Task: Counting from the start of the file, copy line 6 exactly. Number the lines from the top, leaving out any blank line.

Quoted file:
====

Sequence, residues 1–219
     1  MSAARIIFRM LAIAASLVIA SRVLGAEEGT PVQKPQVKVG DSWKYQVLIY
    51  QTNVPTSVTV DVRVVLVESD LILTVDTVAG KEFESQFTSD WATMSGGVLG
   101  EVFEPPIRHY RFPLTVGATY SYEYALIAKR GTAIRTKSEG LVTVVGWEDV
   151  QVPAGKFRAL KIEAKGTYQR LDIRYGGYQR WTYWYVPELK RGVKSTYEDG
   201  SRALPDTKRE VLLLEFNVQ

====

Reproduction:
   201  SRALPDTKRE VLLLEFNVQ